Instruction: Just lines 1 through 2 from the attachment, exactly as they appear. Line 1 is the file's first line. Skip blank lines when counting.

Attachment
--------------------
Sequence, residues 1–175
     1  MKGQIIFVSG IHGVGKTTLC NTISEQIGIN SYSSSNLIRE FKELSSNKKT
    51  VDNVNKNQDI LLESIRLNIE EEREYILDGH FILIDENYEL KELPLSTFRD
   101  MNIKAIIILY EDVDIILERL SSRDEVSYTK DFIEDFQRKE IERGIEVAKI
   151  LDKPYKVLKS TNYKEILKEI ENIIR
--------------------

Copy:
Sequence, residues 1–175
     1  MKGQIIFVSG IHGVGKTTLC NTISEQIGIN SYSSSNLIRE FKELSSNKKT